Virgin Atlantic to challenge bmi takeover

Richard Branson's airline Virgin Atlantic today said it will appeal a European regulator's decision to pass the owner of British Airways' takeover of bmi.

Richard Branson's airline Virgin Atlantic today said it will appeal a European regulator's decision to pass the owner of British Airways' takeover of bmi.

Virgin Atlantic said the deal will "cause serious competitive harm at Heathrow" and will place British Airways owner International Airlines Group (IAG) in a position of "total market dominance".

Branson, Virgin Atlantic president, said: "We will challenge every aspect of this process which, if allowed to stand, will undoubtedly damage the British airline industry for years to come."

The £172.5m (€208.9m) takeover was approved by the European Commission 35 days after the deal was announced on the condition that IAG must give up 14 pairs of daily take-off and landing slots at Heathrow as a contribution to boost competition in the sector.

The deal is set to lead to up to 1,200 job losses at bmi's head office at Castle Donington in Derbyshire and at regional airports, although BA said that without the acquisition, all 2,700 jobs at bmi could have been lost.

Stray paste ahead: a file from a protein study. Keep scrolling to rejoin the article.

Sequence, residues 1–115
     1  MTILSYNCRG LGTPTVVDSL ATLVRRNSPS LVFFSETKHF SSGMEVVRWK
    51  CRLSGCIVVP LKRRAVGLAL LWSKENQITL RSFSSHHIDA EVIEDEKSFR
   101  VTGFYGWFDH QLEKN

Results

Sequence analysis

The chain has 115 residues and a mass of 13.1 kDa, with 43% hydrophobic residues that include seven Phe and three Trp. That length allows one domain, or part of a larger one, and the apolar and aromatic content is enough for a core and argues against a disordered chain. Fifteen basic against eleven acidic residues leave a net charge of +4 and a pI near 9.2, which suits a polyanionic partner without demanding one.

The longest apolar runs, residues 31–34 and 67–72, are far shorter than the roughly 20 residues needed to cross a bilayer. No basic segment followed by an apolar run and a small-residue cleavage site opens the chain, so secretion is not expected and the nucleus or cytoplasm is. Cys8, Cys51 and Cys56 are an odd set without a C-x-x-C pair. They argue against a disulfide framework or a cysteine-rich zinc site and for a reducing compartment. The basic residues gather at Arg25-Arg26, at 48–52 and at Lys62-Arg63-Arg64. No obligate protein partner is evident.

Branson went on: "Competition regulation should protect the customer from monopoly situations where companies can set whatever prices they like and stop investing in their product. In these situations, the public suffers, the industry suffers and the country suffers."

Virgin Atlantic will bid to operate all of the 12 remedy slots that BA has been forced to give up through the process, but said it alone is "completely inadequate" and called for more of bmi's slots to be released.

Branson added: "This deal was agreed with lightning speed and we think the number of slots offered is derisory - representing less than a quarter of bmi's former network.

"We hope to overturn this decision on appeal and keep on taking the fight to BA so that the consumer ultimately wins."

BMI carried three million passengers in 2011, excluding its regional services and low-cost airline bmibaby.

It flew to 34 destinations in 25 countries and had 27 aircraft, employing 2,700 staff, before the job cut announcement last week.

BA carried 32 million passengers last year and flies to 151 destinations in more than 70 countries. It has 239 aircraft and employs around 37,000 people.

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